Any engine developed by the new Pratt & Whitney and Rolls-Royce joint venture would feature a geared architecture, not a three-spool design, said the CFO of P&W parent company United Technologies.
The new powerplant "is not going to be a three-spool engine", and will instead focus its architecture around the geared system to reduce fan speed and optimise core efficiency, said UTC CFO Greg Hayes during the company's third quarter earnings call on 19 October.
The three-spool architecture, comprised of low, intermediate and high turbine and compressor sections is a hallmark of Rolls-Royce's high-bypass engine architecture and is featured on its latest Trent-series engine designs.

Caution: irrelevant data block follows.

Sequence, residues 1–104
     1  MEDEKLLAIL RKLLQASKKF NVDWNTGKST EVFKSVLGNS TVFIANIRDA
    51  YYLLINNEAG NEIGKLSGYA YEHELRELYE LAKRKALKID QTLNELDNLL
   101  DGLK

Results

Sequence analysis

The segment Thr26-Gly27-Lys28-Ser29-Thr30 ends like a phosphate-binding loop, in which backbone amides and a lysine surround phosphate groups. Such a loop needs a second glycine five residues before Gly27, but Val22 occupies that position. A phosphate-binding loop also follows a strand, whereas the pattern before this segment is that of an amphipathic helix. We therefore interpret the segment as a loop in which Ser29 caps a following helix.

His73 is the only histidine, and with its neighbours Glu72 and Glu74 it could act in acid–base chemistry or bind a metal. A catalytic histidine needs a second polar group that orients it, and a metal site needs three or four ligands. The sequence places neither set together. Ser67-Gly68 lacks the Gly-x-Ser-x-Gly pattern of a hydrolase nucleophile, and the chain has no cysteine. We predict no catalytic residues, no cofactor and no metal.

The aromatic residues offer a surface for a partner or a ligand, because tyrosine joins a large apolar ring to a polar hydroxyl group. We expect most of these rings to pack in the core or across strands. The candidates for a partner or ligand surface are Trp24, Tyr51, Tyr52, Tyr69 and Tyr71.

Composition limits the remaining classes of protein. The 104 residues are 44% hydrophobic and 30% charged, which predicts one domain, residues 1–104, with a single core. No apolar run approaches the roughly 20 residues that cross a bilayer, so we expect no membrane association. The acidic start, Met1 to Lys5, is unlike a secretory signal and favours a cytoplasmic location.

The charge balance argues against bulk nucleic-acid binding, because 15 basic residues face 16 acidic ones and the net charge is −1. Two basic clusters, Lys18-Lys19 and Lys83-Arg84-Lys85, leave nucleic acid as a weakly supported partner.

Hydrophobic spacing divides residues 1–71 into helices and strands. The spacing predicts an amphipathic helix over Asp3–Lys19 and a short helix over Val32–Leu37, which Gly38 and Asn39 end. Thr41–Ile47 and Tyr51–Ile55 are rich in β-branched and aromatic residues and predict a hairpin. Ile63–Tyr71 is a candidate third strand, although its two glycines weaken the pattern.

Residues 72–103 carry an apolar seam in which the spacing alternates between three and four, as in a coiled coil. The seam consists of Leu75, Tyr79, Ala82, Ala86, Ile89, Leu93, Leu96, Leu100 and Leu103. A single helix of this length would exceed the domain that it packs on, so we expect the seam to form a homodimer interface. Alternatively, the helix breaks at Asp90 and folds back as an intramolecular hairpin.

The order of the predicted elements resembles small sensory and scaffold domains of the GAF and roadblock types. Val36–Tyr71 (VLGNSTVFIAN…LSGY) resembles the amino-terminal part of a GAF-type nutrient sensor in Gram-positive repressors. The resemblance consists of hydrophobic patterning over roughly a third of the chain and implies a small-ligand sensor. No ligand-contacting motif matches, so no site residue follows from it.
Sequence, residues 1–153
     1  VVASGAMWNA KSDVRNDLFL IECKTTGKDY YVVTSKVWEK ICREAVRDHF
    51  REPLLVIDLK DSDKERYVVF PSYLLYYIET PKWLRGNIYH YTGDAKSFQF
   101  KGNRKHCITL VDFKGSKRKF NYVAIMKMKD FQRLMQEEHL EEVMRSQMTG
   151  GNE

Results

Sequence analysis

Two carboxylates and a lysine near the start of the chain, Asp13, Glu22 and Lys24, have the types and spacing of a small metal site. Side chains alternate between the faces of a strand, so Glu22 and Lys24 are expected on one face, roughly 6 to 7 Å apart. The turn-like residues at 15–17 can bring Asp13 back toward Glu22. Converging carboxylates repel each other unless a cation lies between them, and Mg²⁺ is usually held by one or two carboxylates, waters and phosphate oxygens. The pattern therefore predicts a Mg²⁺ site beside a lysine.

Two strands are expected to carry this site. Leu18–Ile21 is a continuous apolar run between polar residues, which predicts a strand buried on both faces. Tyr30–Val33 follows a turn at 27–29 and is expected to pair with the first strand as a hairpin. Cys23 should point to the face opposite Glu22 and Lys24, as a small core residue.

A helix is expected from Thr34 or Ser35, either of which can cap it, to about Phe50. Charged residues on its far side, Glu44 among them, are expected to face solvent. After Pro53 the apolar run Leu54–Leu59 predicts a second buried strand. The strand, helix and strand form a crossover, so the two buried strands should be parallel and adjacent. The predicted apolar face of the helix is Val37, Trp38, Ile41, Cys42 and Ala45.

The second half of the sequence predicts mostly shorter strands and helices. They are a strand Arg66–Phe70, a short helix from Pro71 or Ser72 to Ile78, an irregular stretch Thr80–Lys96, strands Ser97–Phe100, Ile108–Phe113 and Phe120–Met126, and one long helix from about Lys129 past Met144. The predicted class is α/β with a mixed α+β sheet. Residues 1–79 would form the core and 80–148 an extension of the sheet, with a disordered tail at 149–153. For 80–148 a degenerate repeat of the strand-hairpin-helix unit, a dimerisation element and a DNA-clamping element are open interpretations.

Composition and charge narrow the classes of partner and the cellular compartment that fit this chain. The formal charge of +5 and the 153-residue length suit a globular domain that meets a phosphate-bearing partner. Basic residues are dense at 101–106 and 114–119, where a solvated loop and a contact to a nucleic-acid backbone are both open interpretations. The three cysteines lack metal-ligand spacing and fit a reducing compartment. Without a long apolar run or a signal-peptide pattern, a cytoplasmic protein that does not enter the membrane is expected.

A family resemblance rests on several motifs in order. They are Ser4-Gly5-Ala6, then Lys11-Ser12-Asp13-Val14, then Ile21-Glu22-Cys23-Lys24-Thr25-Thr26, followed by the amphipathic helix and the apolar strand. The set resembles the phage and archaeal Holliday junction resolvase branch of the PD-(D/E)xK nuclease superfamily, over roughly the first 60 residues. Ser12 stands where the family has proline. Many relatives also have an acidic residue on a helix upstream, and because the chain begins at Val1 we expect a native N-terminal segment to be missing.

Hayes called the newly-announced partnership a "validation" of P&W's geared architecture engine, which is expected to debut in service on the Bombardier CSeries starting in 2013, followed by the Mitsubishi Regional Jet in 2014, Airbus A320neo in 2015 and Irkut MS-21 in 2016.
Pratt & Whitney announced its plans to acquire Rolls-Royce's share of the IAE joint venture on 12 October, while initiating a new venture with the UK-based engine-maker to develop a new mid-size engine for the 150 to 210-seat commercial market.
He added that P&W and Rolls-Royce will continue developing their technology platforms independently and "as soon as we have visibility on what the next aircraft is going to be" the partnership would see increased joint research and development spending.